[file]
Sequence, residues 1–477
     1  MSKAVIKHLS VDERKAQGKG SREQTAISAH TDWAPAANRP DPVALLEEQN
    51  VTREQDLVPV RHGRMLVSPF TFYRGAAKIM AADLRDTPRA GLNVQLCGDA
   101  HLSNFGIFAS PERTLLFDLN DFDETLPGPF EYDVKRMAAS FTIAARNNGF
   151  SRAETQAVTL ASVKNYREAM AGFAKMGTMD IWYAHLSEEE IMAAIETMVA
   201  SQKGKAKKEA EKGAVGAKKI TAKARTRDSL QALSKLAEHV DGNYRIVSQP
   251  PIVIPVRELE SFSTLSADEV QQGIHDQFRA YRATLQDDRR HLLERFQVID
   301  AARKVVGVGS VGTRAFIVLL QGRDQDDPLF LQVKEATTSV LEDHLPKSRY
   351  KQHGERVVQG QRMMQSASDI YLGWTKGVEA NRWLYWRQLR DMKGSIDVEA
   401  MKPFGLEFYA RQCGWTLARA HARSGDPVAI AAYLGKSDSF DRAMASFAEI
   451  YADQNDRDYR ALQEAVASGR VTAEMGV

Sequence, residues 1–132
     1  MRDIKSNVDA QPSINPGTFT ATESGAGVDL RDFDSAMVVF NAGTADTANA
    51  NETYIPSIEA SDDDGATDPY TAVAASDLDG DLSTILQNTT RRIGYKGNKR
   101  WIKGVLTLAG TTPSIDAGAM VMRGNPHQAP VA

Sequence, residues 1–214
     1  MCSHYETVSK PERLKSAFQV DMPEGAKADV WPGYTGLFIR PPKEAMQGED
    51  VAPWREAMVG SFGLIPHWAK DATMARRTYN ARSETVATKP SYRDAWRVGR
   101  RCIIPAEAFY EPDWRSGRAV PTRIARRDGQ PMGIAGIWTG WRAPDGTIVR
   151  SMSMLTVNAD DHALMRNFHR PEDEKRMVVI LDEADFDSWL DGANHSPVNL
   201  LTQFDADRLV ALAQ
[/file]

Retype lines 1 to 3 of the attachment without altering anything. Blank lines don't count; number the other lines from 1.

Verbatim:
Sequence, residues 1–477
     1  MSKAVIKHLS VDERKAQGKG SREQTAISAH TDWAPAANRP DPVALLEEQN
    51  VTREQDLVPV RHGRMLVSPF TFYRGAAKIM AADLRDTPRA GLNVQLCGDA